A CV, or to give it its full title – Curriculum Vitae – essentially is a summary of your skills, experience and qualifications. The term comes from the Latin for ‘the course of one’s life’, which would give the impression that it should be a complete retelling of your life story on biblical proportions and lasting for ten or twenty pages. Clearly this is not the case. For the purposes of securing a job it can help if we ask, not what is a CV, but instead what is a CV for?
The principal aim of a good CV is to give a potential employer an overview of what you have to offer and to persuade them that potentially you are a match for the vacancy they are trying to fill, so that they will want to meet you. Essentially that is the purpose of a CV and what it is designed to achieve.
Therefore when written properly a CV can become a powerful sales tool, highlighting the parts of your background that will be most of interest to the hiring manager and helping to secure you an invitation to a meeting. It will avoid unnecessary detail and include only information that builds you up as the right person for the job.
What does a CV contain?
Generally a CV will include your contact details, educational and training background, career history and personal interests. These are all important details and employers will use the information to match your experience against their vacancies.
Other information you can also include is an overview or objective statement, where you set out what you are hoping to achieve in this job move – helpful for making clear to an employer that their job is the one you want.
Candidates sometimes also include a section highlighting their key achievements. Again, this can be effective as you can select instances where you have demonstrated success in the kind of tasks that a job calls for, or you have displayed the kind of personal qualities that are typical of successful people in these roles.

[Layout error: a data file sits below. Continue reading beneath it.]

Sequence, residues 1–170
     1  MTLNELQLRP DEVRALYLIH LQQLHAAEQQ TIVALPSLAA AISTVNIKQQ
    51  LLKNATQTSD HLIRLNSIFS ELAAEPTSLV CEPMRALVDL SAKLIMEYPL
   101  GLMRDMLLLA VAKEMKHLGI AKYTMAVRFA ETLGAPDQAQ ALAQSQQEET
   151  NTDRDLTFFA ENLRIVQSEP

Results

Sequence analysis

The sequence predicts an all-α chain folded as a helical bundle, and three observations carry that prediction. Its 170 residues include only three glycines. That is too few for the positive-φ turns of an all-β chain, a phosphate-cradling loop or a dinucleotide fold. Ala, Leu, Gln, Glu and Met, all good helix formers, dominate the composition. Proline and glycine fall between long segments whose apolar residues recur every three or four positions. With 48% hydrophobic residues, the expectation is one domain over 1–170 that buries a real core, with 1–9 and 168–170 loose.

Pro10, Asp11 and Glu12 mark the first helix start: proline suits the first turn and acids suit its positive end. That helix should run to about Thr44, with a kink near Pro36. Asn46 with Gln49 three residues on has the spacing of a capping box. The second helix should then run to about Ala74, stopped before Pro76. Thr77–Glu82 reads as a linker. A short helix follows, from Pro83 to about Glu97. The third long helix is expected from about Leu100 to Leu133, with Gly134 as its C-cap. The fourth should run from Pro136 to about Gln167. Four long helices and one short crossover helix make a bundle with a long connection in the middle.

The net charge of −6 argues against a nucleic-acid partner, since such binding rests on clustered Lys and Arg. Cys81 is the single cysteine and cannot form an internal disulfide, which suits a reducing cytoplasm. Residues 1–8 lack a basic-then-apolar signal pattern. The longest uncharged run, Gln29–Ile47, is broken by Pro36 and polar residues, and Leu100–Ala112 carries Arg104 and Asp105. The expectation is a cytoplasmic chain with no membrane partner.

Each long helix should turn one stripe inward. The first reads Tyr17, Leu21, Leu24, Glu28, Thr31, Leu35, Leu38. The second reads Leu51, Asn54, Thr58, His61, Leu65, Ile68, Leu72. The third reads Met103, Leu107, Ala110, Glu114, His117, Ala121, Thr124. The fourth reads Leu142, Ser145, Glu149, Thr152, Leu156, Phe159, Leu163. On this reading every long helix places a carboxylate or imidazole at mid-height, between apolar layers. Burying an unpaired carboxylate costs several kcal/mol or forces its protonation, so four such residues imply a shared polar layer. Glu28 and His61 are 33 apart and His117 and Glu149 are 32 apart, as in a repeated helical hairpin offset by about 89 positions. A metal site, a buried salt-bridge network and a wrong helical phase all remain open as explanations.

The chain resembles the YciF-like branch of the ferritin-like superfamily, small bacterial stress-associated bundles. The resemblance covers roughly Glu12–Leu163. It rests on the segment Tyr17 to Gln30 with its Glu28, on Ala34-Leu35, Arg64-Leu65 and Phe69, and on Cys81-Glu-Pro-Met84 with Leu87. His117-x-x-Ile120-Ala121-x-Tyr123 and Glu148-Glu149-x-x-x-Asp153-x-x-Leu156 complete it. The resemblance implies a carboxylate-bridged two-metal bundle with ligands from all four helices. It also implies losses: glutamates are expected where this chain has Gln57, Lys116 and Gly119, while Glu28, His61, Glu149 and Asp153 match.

The aim must always be to show an employer that your abilities will make you a success in their role.
Tailoring your CV
If you are targeting a specific industry then research the area so that you can see what type of experience or skills you should be highlighting in your CV. You can find this information from the job descriptions stored on company websites and you can also get a sense from the overall website as to the kind of qualities these companies value. Review the details and try to identify what characteristics or experience are essential and desirable.
Do your ideal employers emphasise team players or individual performance? Are organisation and attention to detail the biggest priorities or do companies seem to value creativity and innovation? Of course, some jobs will naturally call for certain requirements and this will help guide your hand. Sales reps tend to be outgoing self-starters, while PAs usually need to be meticulous and well organised. However, try to get an understanding of the prevailing skill and personality set.
Knowing what qualities are prized in a job will help you to tailor your CV accordingly.